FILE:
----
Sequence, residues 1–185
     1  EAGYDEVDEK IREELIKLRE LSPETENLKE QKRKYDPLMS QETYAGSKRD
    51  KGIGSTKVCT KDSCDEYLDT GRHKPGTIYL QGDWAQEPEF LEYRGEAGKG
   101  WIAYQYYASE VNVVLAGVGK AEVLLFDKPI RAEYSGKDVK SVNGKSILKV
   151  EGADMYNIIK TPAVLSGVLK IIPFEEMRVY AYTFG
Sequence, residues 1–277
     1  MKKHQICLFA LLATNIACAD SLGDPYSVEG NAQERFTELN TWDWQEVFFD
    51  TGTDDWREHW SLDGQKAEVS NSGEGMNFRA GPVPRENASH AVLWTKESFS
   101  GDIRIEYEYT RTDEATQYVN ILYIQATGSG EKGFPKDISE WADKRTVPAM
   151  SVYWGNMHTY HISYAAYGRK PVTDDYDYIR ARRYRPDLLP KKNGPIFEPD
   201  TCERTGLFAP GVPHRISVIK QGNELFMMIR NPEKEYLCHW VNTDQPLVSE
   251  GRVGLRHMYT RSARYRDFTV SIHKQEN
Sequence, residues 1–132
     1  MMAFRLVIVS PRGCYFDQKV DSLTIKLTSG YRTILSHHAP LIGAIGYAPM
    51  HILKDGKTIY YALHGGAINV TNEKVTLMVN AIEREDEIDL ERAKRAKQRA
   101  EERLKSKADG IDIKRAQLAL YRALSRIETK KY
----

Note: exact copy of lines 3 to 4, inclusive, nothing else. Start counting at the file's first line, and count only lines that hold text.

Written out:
    51  KGIGSTKVCT KDSCDEYLDT GRHKPGTIYL QGDWAQEPEF LEYRGEAGKG
   101  WIAYQYYASE VNVVLAGVGK AEVLLFDKPI RAEYSGKDVK SVNGKSILKV